Both southern Democrats and northern Republicans wanted to end Reconstruction. During the election of 1876, power was split between parties: Republicans controlled the Senate, and Democrats controlled the House. On Election Day the Democrats managed to net the swing states of Connecticut, Indiana, New Jersey, and New York. And by midnight, Tilden had 184 of 185 needed electoral votes to win. He also led the popular vote by 250,000.
Sounds like a done deal, right? Wrong. Tilden’s apparent lead was called into question in three southern states where electoral votes were contested: Florida, Louisiana, and South Carolina. The contested southern states sent in two sets of election returns showing different results. In South Carolina particularly, supporters of the gubernatorial candidate Wade Hampton, a Confederate general, employed the use of violence and intimidation against the African American voting majority. Several clashes even resulted in the deaths of blacks and whites.
Another state facing uncertainty was Oregon. After learning that one of the Republican electors was a federal employee, making them disqualified to serve, the state governor, a Democrat, replaced him with a Democratic elector. What threw the election into uncertainty was when the Republican elector resigned his compromising position, and declared his ballot for Hayes.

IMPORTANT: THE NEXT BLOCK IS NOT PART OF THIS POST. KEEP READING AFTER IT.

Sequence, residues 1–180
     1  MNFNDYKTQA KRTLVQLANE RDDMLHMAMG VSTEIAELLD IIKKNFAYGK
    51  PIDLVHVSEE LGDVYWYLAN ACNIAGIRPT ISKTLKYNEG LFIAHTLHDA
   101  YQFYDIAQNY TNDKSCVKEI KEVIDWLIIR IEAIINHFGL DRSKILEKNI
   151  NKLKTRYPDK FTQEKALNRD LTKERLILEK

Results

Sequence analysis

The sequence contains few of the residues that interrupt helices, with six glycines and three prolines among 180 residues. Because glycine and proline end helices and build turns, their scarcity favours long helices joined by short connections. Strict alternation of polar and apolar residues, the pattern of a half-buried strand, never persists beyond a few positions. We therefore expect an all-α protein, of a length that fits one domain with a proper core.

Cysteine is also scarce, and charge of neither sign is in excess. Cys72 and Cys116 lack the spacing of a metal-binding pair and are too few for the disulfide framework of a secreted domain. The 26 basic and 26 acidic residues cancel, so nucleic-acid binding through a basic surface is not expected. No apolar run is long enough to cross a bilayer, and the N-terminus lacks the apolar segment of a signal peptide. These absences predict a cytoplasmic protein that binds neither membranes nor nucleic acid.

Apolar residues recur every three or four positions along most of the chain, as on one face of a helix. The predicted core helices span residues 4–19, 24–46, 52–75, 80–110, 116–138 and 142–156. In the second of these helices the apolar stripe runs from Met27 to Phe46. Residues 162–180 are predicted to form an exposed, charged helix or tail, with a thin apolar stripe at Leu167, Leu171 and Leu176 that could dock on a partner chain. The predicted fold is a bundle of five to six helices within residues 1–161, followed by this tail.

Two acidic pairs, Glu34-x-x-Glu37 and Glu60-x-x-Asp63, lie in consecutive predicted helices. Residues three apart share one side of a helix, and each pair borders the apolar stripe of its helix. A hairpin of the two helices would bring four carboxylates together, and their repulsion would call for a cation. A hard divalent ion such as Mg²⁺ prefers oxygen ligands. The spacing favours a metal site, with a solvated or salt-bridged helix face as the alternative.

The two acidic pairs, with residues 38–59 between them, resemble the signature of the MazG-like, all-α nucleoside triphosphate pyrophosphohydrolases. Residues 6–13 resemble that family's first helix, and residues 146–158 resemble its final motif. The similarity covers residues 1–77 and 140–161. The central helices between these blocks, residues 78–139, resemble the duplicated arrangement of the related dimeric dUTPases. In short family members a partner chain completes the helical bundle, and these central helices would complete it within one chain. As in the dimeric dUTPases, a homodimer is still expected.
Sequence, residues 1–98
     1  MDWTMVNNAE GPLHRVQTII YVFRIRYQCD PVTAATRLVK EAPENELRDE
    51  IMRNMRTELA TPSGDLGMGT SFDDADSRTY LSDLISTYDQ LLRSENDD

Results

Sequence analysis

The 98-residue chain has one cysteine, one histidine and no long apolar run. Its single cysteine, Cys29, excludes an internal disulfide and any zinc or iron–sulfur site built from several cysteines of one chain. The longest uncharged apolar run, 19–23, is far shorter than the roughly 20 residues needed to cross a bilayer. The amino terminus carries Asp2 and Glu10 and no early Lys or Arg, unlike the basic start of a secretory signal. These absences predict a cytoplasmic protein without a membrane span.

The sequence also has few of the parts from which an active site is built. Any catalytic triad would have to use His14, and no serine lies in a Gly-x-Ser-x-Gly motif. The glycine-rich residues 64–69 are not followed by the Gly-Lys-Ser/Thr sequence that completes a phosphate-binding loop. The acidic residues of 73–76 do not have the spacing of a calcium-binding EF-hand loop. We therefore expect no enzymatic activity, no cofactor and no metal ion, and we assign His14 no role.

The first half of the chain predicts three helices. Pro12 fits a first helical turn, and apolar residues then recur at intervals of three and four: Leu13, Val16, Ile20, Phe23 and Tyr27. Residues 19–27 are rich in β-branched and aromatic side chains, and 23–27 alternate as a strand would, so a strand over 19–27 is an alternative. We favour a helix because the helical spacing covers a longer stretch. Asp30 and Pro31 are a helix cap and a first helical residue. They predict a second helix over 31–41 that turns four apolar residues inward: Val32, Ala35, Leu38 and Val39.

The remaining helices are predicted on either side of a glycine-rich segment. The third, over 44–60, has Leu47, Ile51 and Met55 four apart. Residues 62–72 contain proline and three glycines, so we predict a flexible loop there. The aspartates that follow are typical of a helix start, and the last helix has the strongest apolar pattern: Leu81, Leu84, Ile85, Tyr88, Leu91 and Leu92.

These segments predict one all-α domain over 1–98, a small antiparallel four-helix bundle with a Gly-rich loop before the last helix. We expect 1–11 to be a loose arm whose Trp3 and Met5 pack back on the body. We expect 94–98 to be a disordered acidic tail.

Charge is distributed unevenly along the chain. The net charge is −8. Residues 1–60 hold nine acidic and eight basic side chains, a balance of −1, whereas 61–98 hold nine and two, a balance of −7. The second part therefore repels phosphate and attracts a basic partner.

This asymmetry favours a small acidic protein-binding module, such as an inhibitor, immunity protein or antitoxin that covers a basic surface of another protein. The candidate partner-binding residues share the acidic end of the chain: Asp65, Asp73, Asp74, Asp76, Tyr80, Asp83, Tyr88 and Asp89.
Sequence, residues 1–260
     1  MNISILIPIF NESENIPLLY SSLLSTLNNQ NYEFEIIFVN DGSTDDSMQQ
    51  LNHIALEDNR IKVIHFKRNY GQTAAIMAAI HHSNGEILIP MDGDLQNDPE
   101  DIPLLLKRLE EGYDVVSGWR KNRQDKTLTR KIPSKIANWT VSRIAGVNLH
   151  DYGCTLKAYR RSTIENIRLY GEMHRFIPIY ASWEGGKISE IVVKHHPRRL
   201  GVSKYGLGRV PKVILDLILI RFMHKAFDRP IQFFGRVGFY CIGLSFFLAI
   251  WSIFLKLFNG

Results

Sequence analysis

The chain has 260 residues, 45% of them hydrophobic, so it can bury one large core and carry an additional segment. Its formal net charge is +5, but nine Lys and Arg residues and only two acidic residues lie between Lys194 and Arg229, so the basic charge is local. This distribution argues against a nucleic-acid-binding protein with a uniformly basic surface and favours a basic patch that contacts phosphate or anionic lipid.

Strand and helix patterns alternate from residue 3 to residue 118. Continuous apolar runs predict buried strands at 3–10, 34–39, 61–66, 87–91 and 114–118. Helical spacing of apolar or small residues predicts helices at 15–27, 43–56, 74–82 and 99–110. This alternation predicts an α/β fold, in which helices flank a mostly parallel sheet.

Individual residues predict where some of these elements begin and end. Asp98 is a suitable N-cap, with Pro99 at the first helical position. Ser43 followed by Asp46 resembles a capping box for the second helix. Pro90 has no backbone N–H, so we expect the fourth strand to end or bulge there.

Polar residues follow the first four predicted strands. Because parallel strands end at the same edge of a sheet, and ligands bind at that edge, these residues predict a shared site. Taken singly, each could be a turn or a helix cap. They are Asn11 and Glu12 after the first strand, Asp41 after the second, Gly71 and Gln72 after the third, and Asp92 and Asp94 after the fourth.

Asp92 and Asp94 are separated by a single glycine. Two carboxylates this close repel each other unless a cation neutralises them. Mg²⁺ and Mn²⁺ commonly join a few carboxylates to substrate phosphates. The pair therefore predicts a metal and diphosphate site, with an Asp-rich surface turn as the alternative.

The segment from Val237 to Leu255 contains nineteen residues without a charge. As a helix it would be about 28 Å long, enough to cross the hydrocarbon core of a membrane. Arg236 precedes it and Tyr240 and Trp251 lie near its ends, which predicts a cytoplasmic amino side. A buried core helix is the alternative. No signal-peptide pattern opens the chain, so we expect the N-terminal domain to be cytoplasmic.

The situation would drag on into next year, prompting congressional intervention. In January 1877, Congress set up an electoral commission consisting of five U.S. representatives, five senators, and five Supreme Court justices. Politically, the commission was evenly stratified: 7 Democrats, 7 Republicans, and 1 Independent (well…almost evenly).
The commission hit a roadblock when its one independent member, Justice David Davis, refused to serve. He was later replaced by a moderate Republican, Justice Joseph Bradley, who would sway the commission’s vote to a 8-7 ruling in favor of Hayes. Basically this meant that all the disputed elector votes would go to him. As a result the Democrats threatened to filibuster the counting of votes, in order to stop Hayes from gaining the White House.